CCJ e-Learning Resources  Knowledge is the first step towards effective self-advocacy.

What is Craniocervical Junction (CCJ) Instability?

CCJ Instability is when the area of the skull and upper neck are moving too much or moving more than they are supposed to move. CCI stands for craniocervical instability and that is instability between the skull (Oc) and the 1st vertebrae in your spine (C1). Atlantoaxial instability (AAI) is instability in the first 2 spinal vertebrae (C1-C2). Click here to learn more by video  There is also more information in the e-Learning Resources in the section, Understanding Common Medical Terms below.  

 

Does CCJ Instability cause illness and disability?

The short answer to this question is yes. Craniocervical Junction Instability is where key things like the brainstem, nerves, spinal cord, cerebral spinal fluid and major arteries supplying blood to the brain etc.. These things can get compressed or blocked due to the instability. Disability can be from someone who can work, go to school and light to moderate exercise but avoids certain activities that make symptoms worse; to someone who cannot tolerate being upright, bedridden and dependent on others for caregiving.

 

Is Craniocervical Junction Instability a legitimate condition?

Although Craniocervical Junction (CCJ) Instability due to ligament laxity has been written in medical articles and books since 1970s by pioneers Drs. MM Punjabi and AA White III, in 2020 it is only recognized, diagnosed and treated by a handful of CCJ Neurosurgeon and Orthopedic Specialists around the world.  There is also more information in the e-Learning Resources in the section, Understanding Common Medical Terms below.

 

Why don’t the Doctors I have seen, know about CCJ Instability?

Craniocervical Instability is a highly specialized medical condition known to Neurosurgeons and Orthopedic Surgeons and it is well known to be common in patients with severe Rheumatoid Arthritis and Down Syndrome. To further complicate matters, only a handful of these surgeons in the past one to two have come to recognize CCJ Instability caused by ligament laxity (damage) in more patients than just a select few. To paraphrase a leading CCJ Neurosurgeon, the classic trained medical doctor can identify craniocervical junction instability when it is caused by a fractured or broken bone (it’s called a partial or full internal decapitation); however, there is a more subtle craniocervical junction instability that medical students are not taught or not taught in detail; and that is CCJ Instability that is caused by ligament laxity (damage).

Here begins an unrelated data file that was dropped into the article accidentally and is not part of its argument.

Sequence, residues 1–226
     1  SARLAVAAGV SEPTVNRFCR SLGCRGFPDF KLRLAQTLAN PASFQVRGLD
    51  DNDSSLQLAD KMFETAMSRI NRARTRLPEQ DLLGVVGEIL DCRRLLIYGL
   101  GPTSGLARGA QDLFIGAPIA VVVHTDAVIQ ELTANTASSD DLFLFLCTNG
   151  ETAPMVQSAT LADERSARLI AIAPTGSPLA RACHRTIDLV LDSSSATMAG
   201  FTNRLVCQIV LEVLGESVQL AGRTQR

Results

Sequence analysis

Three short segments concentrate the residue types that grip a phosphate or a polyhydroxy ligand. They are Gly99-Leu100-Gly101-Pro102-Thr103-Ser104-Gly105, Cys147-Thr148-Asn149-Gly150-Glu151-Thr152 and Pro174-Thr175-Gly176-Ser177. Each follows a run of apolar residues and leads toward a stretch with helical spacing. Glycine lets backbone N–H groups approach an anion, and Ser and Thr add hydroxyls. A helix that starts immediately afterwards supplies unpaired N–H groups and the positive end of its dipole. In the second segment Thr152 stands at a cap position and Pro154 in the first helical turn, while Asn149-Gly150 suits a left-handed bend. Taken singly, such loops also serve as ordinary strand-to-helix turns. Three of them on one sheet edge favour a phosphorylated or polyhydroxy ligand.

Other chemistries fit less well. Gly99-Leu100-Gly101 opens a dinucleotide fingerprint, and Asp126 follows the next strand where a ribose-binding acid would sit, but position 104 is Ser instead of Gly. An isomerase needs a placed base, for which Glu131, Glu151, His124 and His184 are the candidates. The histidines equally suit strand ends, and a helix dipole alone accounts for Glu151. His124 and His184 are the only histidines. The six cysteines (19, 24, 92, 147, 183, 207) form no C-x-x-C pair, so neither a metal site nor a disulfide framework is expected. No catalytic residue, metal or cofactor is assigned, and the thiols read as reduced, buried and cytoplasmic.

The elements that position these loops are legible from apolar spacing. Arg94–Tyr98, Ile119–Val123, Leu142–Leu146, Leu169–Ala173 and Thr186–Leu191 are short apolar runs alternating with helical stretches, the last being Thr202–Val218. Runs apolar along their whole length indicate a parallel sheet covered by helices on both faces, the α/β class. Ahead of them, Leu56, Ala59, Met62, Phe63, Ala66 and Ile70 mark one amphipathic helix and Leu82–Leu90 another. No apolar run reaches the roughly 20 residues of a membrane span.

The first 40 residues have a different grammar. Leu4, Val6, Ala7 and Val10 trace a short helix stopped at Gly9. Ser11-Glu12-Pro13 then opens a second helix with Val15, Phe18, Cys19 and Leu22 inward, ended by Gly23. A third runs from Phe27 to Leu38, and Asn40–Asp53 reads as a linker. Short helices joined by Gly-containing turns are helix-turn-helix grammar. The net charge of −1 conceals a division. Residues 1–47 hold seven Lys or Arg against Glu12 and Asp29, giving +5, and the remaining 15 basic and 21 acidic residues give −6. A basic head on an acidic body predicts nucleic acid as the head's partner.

How does a person get CCJ Instability?

Ligament damage in the craniocervical junction area can be effected by 3 major causes: Trauma, Congenital or Infection.

TRAUMA i.e. Accidents (e.g. Motor Vehicle, Sports or Recreational), whiplash, concussion, head injury, surgery, over-training

CONGENITAL i.e. connective tissue disorder Ehlers Danlos Syndrome/hypermobility, Chiari Malformation, Rheumatoid Arthritis, Downs Syndrome

INFECTION i.e. Lyme disease, mold exposure, bacterial or viral infections (i.e. Grisel Syndrome)

 

Is it difficult to diagnose CCJ Instability?

It depends on the Doctors training and experience but unfortunately there are only a handful of Specialists that can properly diagnose and treat CCJ Instability due to ligament laxity. Diagnosing CCJ Instability can be challenging, given the dynamic range of motion of the craniocervical junction. The CCJ can move in all kinds of directions: flexion, extension, rotation, oblique etc. yet the Magnetic Resonance Imaging (MRI) that is completed for the cervical spine is typically conducted in supine (laying down), whereby it is not bearing the weight of a head (which is around 15 lbs) and it is in neutral position. In addition, cervical spine MRIs typically do not include the top portion of the cervical spine, meaning the craniocervical junction. Unfortunately, the imaging that is typically ordered for the cervical spine does not include the craniocervical junction and the imaging does not show the cervical spine in dynamic positions which demonstrate compression of the nerves, spinal cord, arteries and veins etc.

 

Why should I investigate to see if I have CCJ Instability if I already have a diagnosis (i.e. whiplash / concussion / fibromyalgia / occipital neuralgia / ME/CFS / Lyme / EDS etc.?

Because you have a diagnosis (FM, ME/CFS, whiplash, concussion, occipital neuralgia etc.) does not mean that you do not have CCJ Instability. Often, people can have more than one diagnosis. In fact many patients that have these diagnoses, were later diagnosed and treated for CCJ Instability. However, this does not mean that all patients with these conditions have CCJ Instability. It’s a good idea to investigate for CCJ Instability because there are two treatments (surgerical and orthobiologics) available in which many patients have partially or fully recover from CCJ Instability and in a few cases, patients have reported all their symptoms have resolved and they are fully functioning again.

 

UNDERSTANDING COMMON MEDICAL TERMS